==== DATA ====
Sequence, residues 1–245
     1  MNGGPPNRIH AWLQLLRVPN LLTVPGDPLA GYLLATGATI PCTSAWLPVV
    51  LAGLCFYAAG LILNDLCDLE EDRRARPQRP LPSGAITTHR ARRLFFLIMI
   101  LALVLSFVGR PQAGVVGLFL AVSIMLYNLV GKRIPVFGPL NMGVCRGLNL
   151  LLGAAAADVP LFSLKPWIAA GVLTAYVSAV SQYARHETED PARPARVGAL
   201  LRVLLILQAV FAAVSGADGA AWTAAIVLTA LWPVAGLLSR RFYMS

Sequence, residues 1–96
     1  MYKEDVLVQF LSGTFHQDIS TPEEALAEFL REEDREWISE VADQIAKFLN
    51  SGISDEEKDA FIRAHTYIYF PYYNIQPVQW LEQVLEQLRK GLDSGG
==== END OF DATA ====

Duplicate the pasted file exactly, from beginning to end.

Sequence, residues 1–245
     1  MNGGPPNRIH AWLQLLRVPN LLTVPGDPLA GYLLATGATI PCTSAWLPVV
    51  LAGLCFYAAG LILNDLCDLE EDRRARPQRP LPSGAITTHR ARRLFFLIMI
   101  LALVLSFVGR PQAGVVGLFL AVSIMLYNLV GKRIPVFGPL NMGVCRGLNL
   151  LLGAAAADVP LFSLKPWIAA GVLTAYVSAV SQYARHETED PARPARVGAL
   201  LRVLLILQAV FAAVSGADGA AWTAAIVLTA LWPVAGLLSR RFYMS

Sequence, residues 1–96
     1  MYKEDVLVQF LSGTFHQDIS TPEEALAEFL REEDREWISE VADQIAKFLN
    51  SGISDEEKDA FIRAHTYIYF PYYNIQPVQW LEQVLEQLRK GLDSGG